Monday 29 April 2019 9:50 am

Avengers, Assemble – Marvel's superhero franchise can teach your business how to tackle digital disruption

Rowan Kisby is strategy director at digital transformation agency MullenLowe Profero.
It’s fair to assume that for Marvel fans sitting down to watch the recently released Avengers: Endgame, their first thought won’t be what it teaches us about digital disruption – they’ll be wondering how the dream team will defeat the Mad Titan Thanos, and who will still be standing when the credits roll. However, with two thirds of C-suite executives believing that disruptors could destroy 40 per cent of Fortune 500 companies – akin to the 50 per cent of life lost when Thanos snapped his fingers at the end of Infinity War – there may be a business case for expensing your cinema trip. Here’s some help with your pitch.

‘You should’ve gone for the head’ – Thanos

Thor learns in Infinity War that he needs to be more strategic in tackling his opponent: aiming for Thanos’ body, not his head, allows the villain to wipe out half of existence. When facing the single-minded focus of disruptors, your response needs to be as well-planned as theirs. So whether you leverage “day one” thinking, or run “kill the company” exercises, get planning. As Black Panther’s sister Shuri says: “Just because something works doesn’t mean it can’t be improved”.

‘In times of crisis, the wise build bridges’ – T’Challa

In Avengers-land, when the team divides – Infinity War sees Iron Man in space and Captain America in Wakanda – things go bad, fast. Teamwork makes the dream work, and survival may mean breaking down silos. Explore new collaboration methods, like Google’s Design Sprints, or Spotify’s structure of squads, tribes, and guilds. If the Avengers can hold it together, then you can too.

‘Hitting doesn’t solve everything’ – Loki

Disruption isn’t just about hitting the competition with better tech. For example, Thor’s new weapon Stormbreaker doesn’t deliver the decisive blow he hoped. As Jeff Bezos puts it: “Invention is not disruptive. It is customer adoption that is disruptive.” So make sure that you’re using tech to build stronger user solutions. Apple’s first iPhone didn’t just focus on throwing the hardest tech punch, but on sneaking past Nokia and Blackberry and straight into people’s hearts. Just like Loki.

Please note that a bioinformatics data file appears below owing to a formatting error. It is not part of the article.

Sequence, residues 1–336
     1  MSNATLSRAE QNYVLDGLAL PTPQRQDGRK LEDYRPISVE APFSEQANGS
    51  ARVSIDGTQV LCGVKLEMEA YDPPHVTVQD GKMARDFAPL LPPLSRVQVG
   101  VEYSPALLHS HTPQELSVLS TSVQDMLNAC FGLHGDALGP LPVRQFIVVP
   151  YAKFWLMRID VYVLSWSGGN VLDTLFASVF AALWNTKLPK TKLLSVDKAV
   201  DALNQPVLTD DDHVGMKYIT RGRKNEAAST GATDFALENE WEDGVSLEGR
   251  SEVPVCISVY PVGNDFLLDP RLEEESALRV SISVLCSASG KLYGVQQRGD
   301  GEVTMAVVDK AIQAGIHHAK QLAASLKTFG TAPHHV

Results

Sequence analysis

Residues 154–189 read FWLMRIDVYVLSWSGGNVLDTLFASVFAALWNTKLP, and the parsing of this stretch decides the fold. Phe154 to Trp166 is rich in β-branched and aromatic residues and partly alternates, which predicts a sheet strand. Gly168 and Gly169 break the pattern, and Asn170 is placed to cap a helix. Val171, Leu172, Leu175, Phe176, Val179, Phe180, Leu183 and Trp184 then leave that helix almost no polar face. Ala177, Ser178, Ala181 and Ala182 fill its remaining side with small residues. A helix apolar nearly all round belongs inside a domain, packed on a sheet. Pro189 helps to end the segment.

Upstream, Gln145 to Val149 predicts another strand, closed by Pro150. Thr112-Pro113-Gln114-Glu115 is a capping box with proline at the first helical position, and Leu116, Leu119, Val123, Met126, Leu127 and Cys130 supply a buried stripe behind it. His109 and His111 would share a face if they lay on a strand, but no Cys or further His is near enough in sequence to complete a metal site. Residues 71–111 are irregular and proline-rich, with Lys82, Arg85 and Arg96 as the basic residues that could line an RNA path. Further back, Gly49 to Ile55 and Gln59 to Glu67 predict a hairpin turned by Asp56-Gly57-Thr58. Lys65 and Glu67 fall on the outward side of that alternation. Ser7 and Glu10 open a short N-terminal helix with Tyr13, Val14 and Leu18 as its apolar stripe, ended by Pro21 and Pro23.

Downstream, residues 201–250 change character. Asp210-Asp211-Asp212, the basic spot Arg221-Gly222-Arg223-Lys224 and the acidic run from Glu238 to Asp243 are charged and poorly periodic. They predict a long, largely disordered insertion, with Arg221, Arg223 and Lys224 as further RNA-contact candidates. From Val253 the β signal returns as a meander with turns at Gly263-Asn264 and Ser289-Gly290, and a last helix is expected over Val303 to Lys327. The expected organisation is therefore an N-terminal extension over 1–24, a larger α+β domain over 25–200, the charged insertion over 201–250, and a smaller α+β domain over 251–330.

‘If we’re going to win this fight, some of us might have to lose it’ – Hawkeye

Just as Dr Strange intentionally – we can only assume – sacrificed himself in Infinity War, survival may mean tough choices. As an example, earlier this year Nintendo’s new president suggested that he’d be open to moving away from the home console business, even after the success of the Switch. Hold nothing sacred but the things that are truly sacred.

‘You can’t be a friendly neighbourhood Spider-man if there’s no neighbourhood’

Disruption on the scale of Thanos’s snap may feel unlikely, but as Bill Gates warned, “we always overestimate the change that will occur in the next two years, and underestimate the change that will occur in the next 10”. If you’re not yet committed, heed the words of L’Oreal’s Stephane Berube: “You need to operate changes when business is going well, not the day you start losing customers”. But beware: once you’ve managed to pin down your opponent in order to wrestle away their advantage, avoid distractions. Pulling a Star-Lord and lashing out can mean that a short-term reaction will cost you a long-term victory.

City A.M.'s opinion pages are a place for thought-provoking views and debate. These views are not necessarily shared by City A.M.